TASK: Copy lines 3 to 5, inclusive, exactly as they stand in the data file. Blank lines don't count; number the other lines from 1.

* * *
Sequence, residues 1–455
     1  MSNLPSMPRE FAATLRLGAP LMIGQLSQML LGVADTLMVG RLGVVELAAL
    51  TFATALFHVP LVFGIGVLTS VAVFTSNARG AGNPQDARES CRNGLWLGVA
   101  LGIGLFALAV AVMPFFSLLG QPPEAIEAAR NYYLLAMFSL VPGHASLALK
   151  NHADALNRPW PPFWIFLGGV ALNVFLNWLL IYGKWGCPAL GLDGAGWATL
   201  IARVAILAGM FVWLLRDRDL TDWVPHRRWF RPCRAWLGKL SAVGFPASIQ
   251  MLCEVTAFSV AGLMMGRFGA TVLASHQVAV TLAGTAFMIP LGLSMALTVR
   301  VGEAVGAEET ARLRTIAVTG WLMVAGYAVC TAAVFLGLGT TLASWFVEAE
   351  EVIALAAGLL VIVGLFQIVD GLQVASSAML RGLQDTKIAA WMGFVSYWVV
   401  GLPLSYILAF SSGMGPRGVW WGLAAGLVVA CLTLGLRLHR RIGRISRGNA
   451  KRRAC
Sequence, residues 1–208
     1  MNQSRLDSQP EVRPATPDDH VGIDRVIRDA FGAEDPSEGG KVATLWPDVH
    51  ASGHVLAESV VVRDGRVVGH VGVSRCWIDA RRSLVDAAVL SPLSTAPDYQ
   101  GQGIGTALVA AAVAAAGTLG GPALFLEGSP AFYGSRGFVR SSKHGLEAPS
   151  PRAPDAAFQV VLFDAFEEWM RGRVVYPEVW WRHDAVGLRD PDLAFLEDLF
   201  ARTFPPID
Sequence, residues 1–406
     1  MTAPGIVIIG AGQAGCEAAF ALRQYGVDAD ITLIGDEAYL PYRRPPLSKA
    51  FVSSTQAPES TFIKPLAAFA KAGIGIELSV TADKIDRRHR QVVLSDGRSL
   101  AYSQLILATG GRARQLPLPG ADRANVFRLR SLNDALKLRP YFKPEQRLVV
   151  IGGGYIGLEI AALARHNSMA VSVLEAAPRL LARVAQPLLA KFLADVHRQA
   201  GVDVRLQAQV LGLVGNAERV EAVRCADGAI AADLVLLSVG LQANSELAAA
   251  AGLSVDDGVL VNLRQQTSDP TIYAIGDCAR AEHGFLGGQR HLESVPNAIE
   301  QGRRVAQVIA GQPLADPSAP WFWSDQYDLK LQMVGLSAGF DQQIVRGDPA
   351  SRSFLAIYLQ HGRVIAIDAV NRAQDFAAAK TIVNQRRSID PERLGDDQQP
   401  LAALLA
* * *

    51  TFATALFHVP LVFGIGVLTS VAVFTSNARG AGNPQDARES CRNGLWLGVA
   101  LGIGLFALAV AVMPFFSLLG QPPEAIEAAR NYYLLAMFSL VPGHASLALK
   151  NHADALNRPW PPFWIFLGGV ALNVFLNWLL IYGKWGCPAL GLDGAGWATL